Meeting Manjot and Chhavi: A very different story than imagined
June 11, 2022 | Contributed by Anjali Mathur
My first impression of Genesis Foundation was quite a morbid picture when I learned that they work for children’s heart treatment. It made me think of unwell children and suffering, but within my first week of internship, my whole mindset changed as I realized how wrong I’d been!
Working with the Foundation as an intern, for my university’s Development Activities Program, I had the opportunity to work with this heart care Foundation in India. And what’s even better is that I was allowed to visit the hospitals after the children’s heart treatment.
Meeting two-year-old Manjot from Punjab, on the second day of my internship was an amazing experience. Since he was the first child I had met after surgery, in my head, I was prepared to see an unhappy, uncomfortable child with distressed parents.
Instead, I walked in on a child sleeping peacefully, with his grateful parents beside him. They told me that when he was eight months old, he had a persistent cough, after which an X-ray revealed his heart defect called Atrial Septal Defect. This meant that there was a hole in the wall between the upper chambers of his heart. While seeking treatment doctors had referred the family to a hospital in Gurgaon. After a very successful surgery, the doctors cleared him to receive follow-ups in Punjab with medication for about three months.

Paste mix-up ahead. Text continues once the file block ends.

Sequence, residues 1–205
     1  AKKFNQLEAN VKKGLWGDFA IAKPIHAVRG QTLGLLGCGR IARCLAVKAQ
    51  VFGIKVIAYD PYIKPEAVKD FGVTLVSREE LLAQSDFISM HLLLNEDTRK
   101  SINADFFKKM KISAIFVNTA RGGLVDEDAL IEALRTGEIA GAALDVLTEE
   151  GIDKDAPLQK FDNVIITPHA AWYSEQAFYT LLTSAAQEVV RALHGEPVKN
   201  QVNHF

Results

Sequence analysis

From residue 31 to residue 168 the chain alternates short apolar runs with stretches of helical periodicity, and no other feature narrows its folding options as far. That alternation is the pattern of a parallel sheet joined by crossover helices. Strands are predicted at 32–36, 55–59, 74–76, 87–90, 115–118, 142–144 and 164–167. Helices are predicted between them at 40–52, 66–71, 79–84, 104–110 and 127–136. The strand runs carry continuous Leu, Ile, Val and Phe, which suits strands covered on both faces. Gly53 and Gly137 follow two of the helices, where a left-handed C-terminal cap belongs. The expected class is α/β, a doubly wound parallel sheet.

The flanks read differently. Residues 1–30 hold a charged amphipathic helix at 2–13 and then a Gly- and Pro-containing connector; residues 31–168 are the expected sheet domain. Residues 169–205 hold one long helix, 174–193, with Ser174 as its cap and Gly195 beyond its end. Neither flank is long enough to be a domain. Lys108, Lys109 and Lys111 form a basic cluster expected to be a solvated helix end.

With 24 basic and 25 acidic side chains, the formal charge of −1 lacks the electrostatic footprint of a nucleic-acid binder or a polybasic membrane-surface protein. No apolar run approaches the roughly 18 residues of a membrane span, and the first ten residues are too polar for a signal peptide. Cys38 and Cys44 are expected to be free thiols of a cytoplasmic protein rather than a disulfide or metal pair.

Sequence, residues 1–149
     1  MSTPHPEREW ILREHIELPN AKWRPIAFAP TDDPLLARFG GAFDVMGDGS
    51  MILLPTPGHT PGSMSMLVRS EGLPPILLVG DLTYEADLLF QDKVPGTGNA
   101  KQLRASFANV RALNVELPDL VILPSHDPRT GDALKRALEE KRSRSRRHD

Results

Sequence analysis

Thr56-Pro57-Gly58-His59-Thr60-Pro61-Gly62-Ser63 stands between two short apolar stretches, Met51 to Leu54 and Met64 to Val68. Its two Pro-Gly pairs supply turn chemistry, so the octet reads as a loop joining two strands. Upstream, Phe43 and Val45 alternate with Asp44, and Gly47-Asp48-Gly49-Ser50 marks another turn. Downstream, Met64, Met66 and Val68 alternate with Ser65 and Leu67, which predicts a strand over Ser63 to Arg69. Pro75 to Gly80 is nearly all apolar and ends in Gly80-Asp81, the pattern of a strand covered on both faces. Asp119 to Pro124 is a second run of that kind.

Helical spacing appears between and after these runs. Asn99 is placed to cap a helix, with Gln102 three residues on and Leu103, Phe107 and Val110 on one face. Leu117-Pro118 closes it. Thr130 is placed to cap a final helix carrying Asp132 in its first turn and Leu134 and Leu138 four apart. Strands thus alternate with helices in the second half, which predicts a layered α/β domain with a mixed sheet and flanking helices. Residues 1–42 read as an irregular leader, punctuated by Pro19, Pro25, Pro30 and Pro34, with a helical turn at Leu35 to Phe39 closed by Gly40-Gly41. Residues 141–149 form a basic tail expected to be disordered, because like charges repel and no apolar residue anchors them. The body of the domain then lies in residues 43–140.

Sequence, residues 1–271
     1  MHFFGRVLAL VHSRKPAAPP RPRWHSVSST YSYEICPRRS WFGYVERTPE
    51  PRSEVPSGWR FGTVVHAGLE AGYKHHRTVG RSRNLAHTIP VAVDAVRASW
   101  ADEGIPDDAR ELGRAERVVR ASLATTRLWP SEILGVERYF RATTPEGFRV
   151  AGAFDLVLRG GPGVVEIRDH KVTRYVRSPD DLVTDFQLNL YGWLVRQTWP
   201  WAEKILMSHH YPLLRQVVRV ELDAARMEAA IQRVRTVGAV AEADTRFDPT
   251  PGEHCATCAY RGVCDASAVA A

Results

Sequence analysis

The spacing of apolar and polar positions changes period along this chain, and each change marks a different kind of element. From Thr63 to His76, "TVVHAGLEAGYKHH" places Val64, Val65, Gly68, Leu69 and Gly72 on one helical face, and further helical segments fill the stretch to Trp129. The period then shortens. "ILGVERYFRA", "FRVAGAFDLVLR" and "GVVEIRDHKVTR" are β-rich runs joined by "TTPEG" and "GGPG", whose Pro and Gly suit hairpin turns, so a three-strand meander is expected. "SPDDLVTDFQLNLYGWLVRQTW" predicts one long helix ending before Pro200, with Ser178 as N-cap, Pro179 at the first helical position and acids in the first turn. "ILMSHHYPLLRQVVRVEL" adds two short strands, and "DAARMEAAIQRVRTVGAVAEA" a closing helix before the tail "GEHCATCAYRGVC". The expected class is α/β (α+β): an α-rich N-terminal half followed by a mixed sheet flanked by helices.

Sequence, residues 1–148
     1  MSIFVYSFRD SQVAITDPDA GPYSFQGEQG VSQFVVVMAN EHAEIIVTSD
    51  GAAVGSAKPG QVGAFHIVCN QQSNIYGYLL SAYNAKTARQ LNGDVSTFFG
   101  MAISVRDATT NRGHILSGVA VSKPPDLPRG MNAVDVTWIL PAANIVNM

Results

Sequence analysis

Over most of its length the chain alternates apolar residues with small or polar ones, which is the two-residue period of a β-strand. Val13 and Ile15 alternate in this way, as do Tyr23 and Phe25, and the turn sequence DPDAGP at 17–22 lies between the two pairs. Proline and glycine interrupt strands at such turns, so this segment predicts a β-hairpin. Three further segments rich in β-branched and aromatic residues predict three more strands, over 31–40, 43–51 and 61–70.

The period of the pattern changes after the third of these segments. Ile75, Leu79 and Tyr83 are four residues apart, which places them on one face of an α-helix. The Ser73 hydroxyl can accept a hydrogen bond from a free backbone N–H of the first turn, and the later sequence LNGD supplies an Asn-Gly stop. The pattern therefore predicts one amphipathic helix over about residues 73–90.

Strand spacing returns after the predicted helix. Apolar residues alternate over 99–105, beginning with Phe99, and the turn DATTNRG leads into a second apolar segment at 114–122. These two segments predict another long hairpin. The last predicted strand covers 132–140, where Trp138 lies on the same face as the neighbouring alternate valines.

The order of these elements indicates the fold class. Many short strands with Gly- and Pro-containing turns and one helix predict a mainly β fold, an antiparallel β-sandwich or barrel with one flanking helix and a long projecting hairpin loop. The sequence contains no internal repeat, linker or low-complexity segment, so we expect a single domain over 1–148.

Only after speaking to his parents, I realised the impact that this defect could have had on his life and the value of timely medical intervention in bringing normalcy to his life.
However, these medical complexities did not bother little Manjot, who happily played with the toys that we took for him. His parents told us that he has two older sisters and is always excited to play with them.
Next, I met a sweet little girl called Chhavi at a hospital in New Delhi. This time, I did not know what to expect.
I had just experienced the complete opposite of what I had assumed, but I did not know enough to think the same for every child I met.
When I met Chhavi and her family, they told us how their heart defect had been detected in a routine check-up for her and her younger sister. The family, including her parents and sister, her uncle and grandmother, came to Delhi for her surgery two weeks later.
I was pleasantly surprised to learn that the family had found help online after being unsatisfied with their other consultations, and searching for a heart care Foundation in India.
In Chhavi’s case, I met a family who was desperate for help but was also more than able to seek it through the proper channels. Once again, while everyone around the child spoke of serious heart disorders among children, Chhavi blissfully jumped around her bed and played with the Barbie puzzle we took for her.
This interaction helped me understand something more profound about the perception of the state of heart defects in children in India. While knowledge and conversation around heart defects are less with over 200,000 such cases in India every year, a happier picture of children smiling after surgery is also a part of this truth.